The Party is becoming so dogmatic that icons of the party would probably be excluded today.  Recent attitudes have seen moderate Republican after moderate Republican drummed out of the party.  Arlen Specter, Lincoln Chafee, Lisa Murkowski, the Override Six… Jim Ramstad, a good Congressman, probably would have had GOP opposition in the last couple elections if he had stayed, and Arne Carlson is a pariah. 

I think there will be a return to moderation at some point.  I think Republicans who are more willing to follow Reagan’s ideals rather than using his name as some sort of conservative badge to prove their worthiness, will begin taking back the party. There are Independents today who are true Republicans, but have left the party officially because of Tom Delay, Karl Rove, Dick Cheney, Sarah Palin, Michelle Bachmann, John Boehner and even celebrities like Glenn Beck.  These people are not mainstream Republicans like Reagan was who appealed to so many independents.  They are not the future of the Party.  They are temporary attention seeking zealots in the mode of Joe McCarthy. 

They place Reagan on a pedestal, but only seem to remember the things that pertain to today’s agenda.  They ignore the deficit growth, tax increases, his hatred of nuclear weapons and his desire to avoid conflict.  One of the stupidest things I heard around the recent election was a series of interviews with Republican candidates who were asked living or dead who they would like to have dinner with.  A few conservatives said a family member or Jesus, but the majority said Ronald Reagan.  It seemed very contrived to me.  These no compromise, no middle ground Republicans don’t belong in Reagan’s company.  Reagan said if 80% of what he wanted passed, it was a success.  80% is a loss in the mind of so many Republicans in power, Walker, the Fitzgerald brothers, Boehner, Pawlenty…  The only correlation between Reagan and some of these extremists is the little “(R)” after their name.  It certainly isn’t intelligence or an understanding of political success.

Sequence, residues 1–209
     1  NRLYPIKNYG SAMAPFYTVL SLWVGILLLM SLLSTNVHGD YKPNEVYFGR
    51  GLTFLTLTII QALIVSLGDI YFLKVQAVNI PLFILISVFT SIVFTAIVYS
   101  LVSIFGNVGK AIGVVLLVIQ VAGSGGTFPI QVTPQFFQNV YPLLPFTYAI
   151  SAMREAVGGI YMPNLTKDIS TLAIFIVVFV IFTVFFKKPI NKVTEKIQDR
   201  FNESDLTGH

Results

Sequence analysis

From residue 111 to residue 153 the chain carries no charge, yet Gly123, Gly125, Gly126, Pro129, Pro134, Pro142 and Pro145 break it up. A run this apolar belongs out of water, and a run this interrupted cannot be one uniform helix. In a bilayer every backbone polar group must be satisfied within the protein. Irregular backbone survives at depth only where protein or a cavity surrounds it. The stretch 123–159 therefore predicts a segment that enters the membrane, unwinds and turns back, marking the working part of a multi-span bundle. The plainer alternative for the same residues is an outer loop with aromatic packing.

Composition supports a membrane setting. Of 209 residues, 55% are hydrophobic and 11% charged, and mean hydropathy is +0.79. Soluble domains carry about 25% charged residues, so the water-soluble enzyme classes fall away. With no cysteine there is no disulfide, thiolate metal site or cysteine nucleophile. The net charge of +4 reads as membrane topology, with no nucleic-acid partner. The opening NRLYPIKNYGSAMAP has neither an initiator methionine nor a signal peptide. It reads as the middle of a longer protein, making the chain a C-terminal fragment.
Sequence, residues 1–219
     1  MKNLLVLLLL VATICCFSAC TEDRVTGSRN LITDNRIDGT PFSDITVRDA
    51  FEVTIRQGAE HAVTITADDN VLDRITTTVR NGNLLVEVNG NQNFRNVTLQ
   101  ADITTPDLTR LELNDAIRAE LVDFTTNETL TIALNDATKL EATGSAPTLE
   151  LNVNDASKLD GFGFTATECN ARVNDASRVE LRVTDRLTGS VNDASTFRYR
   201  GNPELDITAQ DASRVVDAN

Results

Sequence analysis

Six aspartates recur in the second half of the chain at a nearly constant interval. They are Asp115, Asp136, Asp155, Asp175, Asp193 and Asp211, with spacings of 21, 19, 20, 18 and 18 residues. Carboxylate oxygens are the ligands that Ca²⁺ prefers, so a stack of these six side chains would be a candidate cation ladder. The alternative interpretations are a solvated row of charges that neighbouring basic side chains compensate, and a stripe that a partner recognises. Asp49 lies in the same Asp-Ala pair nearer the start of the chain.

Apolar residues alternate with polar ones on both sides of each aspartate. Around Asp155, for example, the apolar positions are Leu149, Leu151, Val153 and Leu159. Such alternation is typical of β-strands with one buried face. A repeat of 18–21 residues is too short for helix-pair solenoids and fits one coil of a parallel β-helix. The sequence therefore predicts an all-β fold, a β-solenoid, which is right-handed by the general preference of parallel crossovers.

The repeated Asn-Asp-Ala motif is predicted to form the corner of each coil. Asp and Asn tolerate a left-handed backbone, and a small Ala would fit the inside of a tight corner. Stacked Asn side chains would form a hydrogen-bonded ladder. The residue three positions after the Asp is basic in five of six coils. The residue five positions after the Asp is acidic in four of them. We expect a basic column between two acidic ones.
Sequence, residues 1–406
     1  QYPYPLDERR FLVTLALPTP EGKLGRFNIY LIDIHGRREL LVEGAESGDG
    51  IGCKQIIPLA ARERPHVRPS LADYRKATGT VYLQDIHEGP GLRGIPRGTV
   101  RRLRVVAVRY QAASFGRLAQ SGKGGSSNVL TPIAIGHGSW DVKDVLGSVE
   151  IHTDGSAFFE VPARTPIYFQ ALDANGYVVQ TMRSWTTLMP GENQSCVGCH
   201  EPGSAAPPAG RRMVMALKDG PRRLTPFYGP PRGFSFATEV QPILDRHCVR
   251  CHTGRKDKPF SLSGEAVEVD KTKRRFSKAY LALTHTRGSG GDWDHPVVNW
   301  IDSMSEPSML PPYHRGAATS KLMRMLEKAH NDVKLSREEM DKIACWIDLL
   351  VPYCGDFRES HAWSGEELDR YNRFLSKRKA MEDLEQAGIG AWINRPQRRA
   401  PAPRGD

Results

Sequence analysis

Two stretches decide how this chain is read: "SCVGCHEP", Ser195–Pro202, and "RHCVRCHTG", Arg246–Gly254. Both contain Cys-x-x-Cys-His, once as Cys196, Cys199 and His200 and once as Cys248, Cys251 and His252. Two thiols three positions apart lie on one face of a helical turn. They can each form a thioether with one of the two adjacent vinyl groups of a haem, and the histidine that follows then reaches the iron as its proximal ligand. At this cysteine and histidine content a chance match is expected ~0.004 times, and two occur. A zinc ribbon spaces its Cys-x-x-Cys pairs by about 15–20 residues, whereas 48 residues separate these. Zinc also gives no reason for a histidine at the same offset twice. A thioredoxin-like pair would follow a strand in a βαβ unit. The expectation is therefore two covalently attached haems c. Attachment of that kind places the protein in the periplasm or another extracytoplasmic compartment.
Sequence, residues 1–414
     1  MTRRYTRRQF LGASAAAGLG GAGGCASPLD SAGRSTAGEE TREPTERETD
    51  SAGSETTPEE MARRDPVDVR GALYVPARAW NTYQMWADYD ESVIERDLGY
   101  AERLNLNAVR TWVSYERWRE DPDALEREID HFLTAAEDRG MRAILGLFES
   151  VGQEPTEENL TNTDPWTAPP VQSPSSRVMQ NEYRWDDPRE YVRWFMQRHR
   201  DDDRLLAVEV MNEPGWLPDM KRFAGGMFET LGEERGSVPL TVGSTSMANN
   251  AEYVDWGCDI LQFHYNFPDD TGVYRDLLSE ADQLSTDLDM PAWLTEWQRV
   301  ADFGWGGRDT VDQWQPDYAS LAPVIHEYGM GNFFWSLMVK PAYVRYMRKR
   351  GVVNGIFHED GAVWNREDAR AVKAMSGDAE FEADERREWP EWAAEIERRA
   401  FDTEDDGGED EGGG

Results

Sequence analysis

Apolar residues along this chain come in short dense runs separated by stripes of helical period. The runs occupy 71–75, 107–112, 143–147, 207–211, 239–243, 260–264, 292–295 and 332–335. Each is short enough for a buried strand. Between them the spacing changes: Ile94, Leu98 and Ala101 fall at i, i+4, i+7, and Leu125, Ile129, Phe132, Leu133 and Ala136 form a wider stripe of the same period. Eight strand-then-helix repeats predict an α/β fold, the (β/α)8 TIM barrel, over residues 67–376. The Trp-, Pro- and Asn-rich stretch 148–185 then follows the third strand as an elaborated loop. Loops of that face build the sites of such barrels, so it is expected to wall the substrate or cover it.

Churches Cannot Bear the Brunt of the Government Budget Gap

There are gaping holes opening up in our social safety net as government budgets are being cut.  Right now, there are people working everyday and doing what they are supposed to do, but tomorrow an unexpected event like a layoff, a car accident, or even a major car repair, can force uncertainty in their ability to care for and keep their family safe.

And while politicians discuss where to cut and who deserves or doesn’t deserve what, there are some politicians calling for churches and charities to fill in the gaps they intend to create.  There are even illogical politicians who feel government safety nets should be cut altogether and that churches should replace the government providing these services. 

But churches are not in a position to do that.  True, there are churches stepping up to do it, and there are volunteers eager to help.  Our aunt’s church, Gloria Dei in St. Paul, was one of the churches featured in a recent Dan Olson story on MPR.  Gloria Dei is one of 34 churches and synagogues helping to house homeless people that cannot get into the county shelters that fill up every night.